The California Dream Act allows undocumented and nonresident documented students who meet certain provisions to apply for and receive private scholarships funded through public universities, state-administered financial aid, university grants, community college fee waivers, and Cal Grants.
Q. What is AB 540, and how do I obtain AB 540 status?
A. AB 540 students may include undocumented students, students who are US citizens but who are not CA residents, and dependent students whose parents are not CA residents. AB 540 students are those who:
• Have attended a CA high school for at least three years or graduated early from a CA high school with the equivalent of three or more years of credit*, AND
• Graduated from a CA high school, or passed the California High School Proficiency Exam (CHSPE), or obtained a Certificate of General Education Development (GED), AND
• Enrolled in an accredited and qualifying CA college or university, AND
• If applicable, complete(d) an affidavit to legalize immigration status as soon as you are eligible.
*If you graduated early from high school under this provision, you must also have attended CA schools (elementary and secondary) for a cumulative total of three or more years.
To confirm your AB 540 eligibility, you will be required to fill out an affidavit and provide supporting documentation to the campus Residency Deputy, Admissions Office, or Registrar of the college or university you will be attending. You should seek to complete this process in the spring or summer before you begin attending (or in fall for those who will be starting school in the spring). A sample of an affidavit can be found here.
Q. How do I apply for financial aid under the California Dream Act?
A. The CA Dream Act Application is used by undocumented students who meet the eligibility requirements of AB 540. The application can be found at www.caldreamact.org. The California Student Aid Commission processes the application and any aid received can only be used at eligible California public or private institutions.
U.S. citizens and permanent residents meeting the AB 540 criteria above should complete the Free Application for Federal Student Aid (FAFSA) at www.fafsa.gov. They may be eligible for federal student aid as well as California student aid.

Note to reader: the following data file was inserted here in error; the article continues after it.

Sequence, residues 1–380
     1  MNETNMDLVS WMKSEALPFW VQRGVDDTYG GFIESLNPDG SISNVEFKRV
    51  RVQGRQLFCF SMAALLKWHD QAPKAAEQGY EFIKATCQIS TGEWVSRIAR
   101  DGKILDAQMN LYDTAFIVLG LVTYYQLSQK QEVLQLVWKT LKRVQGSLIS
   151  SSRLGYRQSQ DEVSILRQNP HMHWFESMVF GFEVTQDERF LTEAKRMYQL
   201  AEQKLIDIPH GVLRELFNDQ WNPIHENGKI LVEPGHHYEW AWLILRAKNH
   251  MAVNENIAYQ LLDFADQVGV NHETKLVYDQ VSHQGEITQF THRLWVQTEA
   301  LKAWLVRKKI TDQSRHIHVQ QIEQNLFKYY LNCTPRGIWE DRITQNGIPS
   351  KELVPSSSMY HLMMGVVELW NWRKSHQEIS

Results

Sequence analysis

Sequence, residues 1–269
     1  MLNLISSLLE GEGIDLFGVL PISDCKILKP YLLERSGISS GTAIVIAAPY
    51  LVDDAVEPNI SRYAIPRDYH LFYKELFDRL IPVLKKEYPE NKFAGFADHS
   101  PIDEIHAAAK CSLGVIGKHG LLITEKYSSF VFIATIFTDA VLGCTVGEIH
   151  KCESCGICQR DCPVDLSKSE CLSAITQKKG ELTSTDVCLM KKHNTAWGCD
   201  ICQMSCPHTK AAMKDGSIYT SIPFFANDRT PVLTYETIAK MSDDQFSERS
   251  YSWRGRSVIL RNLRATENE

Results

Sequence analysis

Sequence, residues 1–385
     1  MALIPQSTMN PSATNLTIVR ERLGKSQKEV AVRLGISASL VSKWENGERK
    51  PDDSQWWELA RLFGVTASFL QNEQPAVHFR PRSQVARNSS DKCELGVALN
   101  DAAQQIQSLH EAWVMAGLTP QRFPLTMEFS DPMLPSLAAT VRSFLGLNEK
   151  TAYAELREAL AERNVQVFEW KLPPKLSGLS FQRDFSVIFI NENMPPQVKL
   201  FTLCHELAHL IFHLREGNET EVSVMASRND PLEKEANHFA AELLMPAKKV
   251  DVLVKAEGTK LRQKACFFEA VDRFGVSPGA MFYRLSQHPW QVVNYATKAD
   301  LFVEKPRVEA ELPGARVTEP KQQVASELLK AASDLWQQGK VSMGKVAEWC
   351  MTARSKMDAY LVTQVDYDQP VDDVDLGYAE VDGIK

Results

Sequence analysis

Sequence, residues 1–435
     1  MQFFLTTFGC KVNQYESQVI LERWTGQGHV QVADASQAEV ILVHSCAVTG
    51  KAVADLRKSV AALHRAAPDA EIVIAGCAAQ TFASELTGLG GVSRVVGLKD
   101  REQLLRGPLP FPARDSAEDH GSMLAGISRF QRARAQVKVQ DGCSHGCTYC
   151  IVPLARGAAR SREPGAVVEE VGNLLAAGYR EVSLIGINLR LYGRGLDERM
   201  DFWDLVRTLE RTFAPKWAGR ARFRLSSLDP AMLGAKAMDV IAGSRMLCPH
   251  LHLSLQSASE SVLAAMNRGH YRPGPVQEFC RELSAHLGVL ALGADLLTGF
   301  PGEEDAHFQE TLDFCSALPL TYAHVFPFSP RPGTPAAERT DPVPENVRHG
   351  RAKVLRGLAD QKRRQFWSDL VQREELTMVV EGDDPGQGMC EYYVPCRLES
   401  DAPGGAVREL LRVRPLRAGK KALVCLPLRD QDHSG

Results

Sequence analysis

The application deadline for students using the CA Dream Act Application or the FAFSA is March 2 prior to the academic year (E.g., March 2, 2015 for the 2015-16 academic year). For Cal Grants offered under the California Dream Act, you must also submit a certified GPA to the California Student Aid Commission.
Q. Can I fill out the CA Dream Act Application if I don’t have a Social Security number?
A. Yes, students who meet the AB 540 eligibility requirements are not required to have a Social Security number in order to submit the application. If an applicant has a Social Security number issued by Deferred Action for Childhood Arrivals (DACA) for work purposes only, that number should be entered on line #8 of the application. Line #8 should be left blank for applicants without Social Security numbers.
In 2015-16, the U.S. Department of Education is encouraging students with DACA Social Security numbers to complete the FAFSA. This is not good advice for California students (attending college in CA). Undocumented AB 540 students should complete the CA Dream Act Application instead of the FAFSA. In the event you have already submitted a FAFSA before learning that you should submit a CA Dream Act Application, complete the CA Dream Act Application, then contact the California Student Aid Commission at 1-888-224-7268 to let them know that you have submitted both applications.
Q. As an undocumented student, am I eligible for federal student aid?
A. No, undocumented students are not eligible for federal student aid. If you attend an eligible California public or private institution, you will be considered for CA state financial aid--like Cal Grants, Chafee Foster Youth Grant, Middle Class Scholarship—and institutional aid—like University Grants, State University Grants, California Community College Board of Governors (BOG) fee waivers, and private scholarships administered through institutions. Your school will determine your financial aid eligibility. We encourage you to submit the CA Dream Act Application by March 2, because it is the deadline to receive consideration for most types of aid available to you.
Q. Do I have to wait until my parents or I file taxes to complete my CA Dream Act Application?
A. No, do not miss any important deadlines! Simply estimate last year’s tax information. Once you or your parents have filed taxes, you must log back into your CA Dream Act Application online to modify the estimated taxes. If you or your parents did not earn enough in the prior year to file taxes, simply select “Will not file” on the tax filing question in the application.
Q. What if my parents live in another county, and I live with my aunt/boyfriend/sibling/roommate?
A. If you are 24 years or younger, and don’t meet any of the independent criteria (application questions #46-58), even if you do not live with your legal parents (your biological and or adoptive parents) you must provide your parents’ information, and one parent must sign your application. You cannot report your aunt, grandparent, sibling, boyfriend/girlfriend, legal guardian, or friend’s information in place of parent information unless they have legally adopted you. If you are unable to get your parent information, complete the application as much as you can and see your college’s financial aid office (FAO) as soon as possible. The FAO will evaluate your condition and tell you if they can override the need for parent information. The California Student Aid Commission does not have the authority to override dependency or financial information.
Q. Does my parent’s citizenship affect my eligibility for Dream Act financial aid?
A. No, your parents’ citizenship status does not impact your eligibility to receive Dream Act financial aid.
Q. How does my parent sign my application?